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# Posted 2:38 AM by Ariel David Adesnik  

FACES OF THE FALLEN: In a well-deserved tribute to the men and women of the US armed forces, the WaPo devoted an entire page of its Memorial Day edition to photographs of those soldiers who have lost their lives in Iraq since April 8.

Underneath each photograph is a brief description of how each soldier died. The descriptions provided considerable support for point made by my friend, Lt. MT, who said that driving is no less dangerous than helicopter transportation, even though the dramatic nature of helicopter crashes inevitably results in extensive media coverage of airborne casualties.

Opposite the page with the photographs, the Post ran a misguided story with a Vietnam-era headline: "In Iraq, U.S. Troops Are Still Dying--One Almost Every Day." As the story thunderously notes, 23 soldiers died after President Bush declared on May 1 that "major combate operations in Iraq have ended."

In a minimal nod to fairness, the Post observes that according to Pentagon officials, the casualty rate in Iraq is little different from the casualty rate in peacetime training. Six paragraphs later, the Post informs us of a far more important fact: that only two soldiers have lost their lives to hostile fire during the month of May. The other 21 fatalities this month were due to accidents, often in traffic.

While our success in Iraq is scarce consolation for those who lost the ones they loved, we ought not forget that their losses were for a cause that many great men and women have died for.

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# Posted 2:14 AM by Ariel David Adesnik  

HARD NEWS: Once in a while, all y'all may want to hear about OxBlog's shopping habits and long-awaited reunions. But our bread and butter is politics. We made our name by telling you what we think about the news, and we intend to build on that foundation.

So let's talk about the WaPo. Thanks to the 3 1/2 hour train ride from DC to New York, I had my first chance in almost two years to sit down with an actual print edition of the WaPo. It felt good, but don't even think for a second that I'm going to go soft on Don Graham's crew. When you're #1, you have to prove it day in and day out.

While the lead story for the day was Sharon's victory in persuading Likud to accept the roadmap, the Post devoted far more column inches to the situation in Iraq. Not a bad choice.

The front page led off with features on both Iraqi entrepreneurs in the Kurdish north and tough living conditions for occupation forces. But far more interesting was the Post's decision to head up its "World News" section with an extremely flattering profile of Paul Bremer.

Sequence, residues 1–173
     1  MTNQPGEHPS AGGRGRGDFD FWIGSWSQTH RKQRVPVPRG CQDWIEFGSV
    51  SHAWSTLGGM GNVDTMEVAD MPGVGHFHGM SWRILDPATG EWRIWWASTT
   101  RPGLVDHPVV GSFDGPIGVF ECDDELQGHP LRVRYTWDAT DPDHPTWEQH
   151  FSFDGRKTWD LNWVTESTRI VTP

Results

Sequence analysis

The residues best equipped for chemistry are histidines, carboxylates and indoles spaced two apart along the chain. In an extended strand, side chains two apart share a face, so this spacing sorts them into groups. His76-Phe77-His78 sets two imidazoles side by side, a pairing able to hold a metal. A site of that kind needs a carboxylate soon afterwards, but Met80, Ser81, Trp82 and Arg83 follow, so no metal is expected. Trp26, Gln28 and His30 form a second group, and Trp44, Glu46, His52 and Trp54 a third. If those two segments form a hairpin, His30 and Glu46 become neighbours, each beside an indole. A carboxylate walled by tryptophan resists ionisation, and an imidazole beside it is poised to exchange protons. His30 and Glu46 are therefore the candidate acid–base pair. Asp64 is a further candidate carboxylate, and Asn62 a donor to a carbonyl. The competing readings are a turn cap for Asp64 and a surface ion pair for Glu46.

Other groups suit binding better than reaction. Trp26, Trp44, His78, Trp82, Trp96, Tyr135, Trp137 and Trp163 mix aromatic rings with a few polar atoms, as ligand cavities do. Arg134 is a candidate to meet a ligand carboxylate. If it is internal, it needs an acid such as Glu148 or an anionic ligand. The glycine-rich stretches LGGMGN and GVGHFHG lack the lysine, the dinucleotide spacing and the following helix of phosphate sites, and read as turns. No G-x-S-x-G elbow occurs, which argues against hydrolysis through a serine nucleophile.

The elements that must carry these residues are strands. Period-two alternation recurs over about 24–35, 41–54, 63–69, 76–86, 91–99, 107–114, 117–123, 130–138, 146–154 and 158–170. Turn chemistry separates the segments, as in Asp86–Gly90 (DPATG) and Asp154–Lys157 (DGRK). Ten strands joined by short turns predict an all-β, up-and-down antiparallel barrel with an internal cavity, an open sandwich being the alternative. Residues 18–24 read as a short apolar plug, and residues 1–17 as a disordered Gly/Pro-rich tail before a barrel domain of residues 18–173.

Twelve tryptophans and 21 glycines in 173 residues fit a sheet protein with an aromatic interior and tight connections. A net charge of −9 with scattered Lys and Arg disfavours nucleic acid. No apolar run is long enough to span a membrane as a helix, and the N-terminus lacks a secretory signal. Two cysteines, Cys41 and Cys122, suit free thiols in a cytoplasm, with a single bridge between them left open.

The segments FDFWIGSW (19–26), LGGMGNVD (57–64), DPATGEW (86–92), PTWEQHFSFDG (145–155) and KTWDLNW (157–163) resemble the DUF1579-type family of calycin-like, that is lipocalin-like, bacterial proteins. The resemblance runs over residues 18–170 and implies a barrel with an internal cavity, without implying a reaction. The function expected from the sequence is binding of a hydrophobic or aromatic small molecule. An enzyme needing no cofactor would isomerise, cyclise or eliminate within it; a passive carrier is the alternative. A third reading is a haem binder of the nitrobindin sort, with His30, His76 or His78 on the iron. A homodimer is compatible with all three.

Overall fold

While its nice to see that the mainstream media aren't wedded to their inveterate critcism of the occupation, I have to wonder if this positive coverage of Bremer's efforts reflects his savvy courting of the media as opposed to his actual record on the ground. According to the Post,
Bremer has been in Iraq less than two weeks, but he has already changed the tone and character of the U.S. effort here.
That conclusion seems premature. Consider this: the focus of the WaPo profile is Bremer's trip to Umm Qasr to celebrate the unloading of 28,000 tons of rice donated by the United States to the people of Iraq. Given that importing massive amounts of food aid has been an American objective since the beginning of the war, Bremer's visit to Umm Qasr actually highlights the continuity of US efforts rather than Bremer's innovative approach.

In fact, OxBlog has made a consistent point of emphasizing the magnitude of American nutritional aid to occupied Afghanistan, which was the basis of our confidence that the US would do everything in its power to defy critcis' predictions of massive starvation in postwar Iraq. During the war, we devoted constant attention to the status of Umm Qasr and its readiness to receive aid shipments. While Bremer deserves credit for making sure things have worked out over the past couple of weeks, he has hardly changed the "character" of the occupation.

The WaPo is on more solid ground when it talks about Bremer's change of tone. Whereas "the term 'occupation' was taboo" while Jay Garner was in charge, Bremer has come straight out and said that
Occupation is an ugly word, not one Americans feel comfortable with, but it is a fact.
Absolutely. America now has its reputation on the line. The Security Council has backed off and decided to let us take responsibility for Iraq.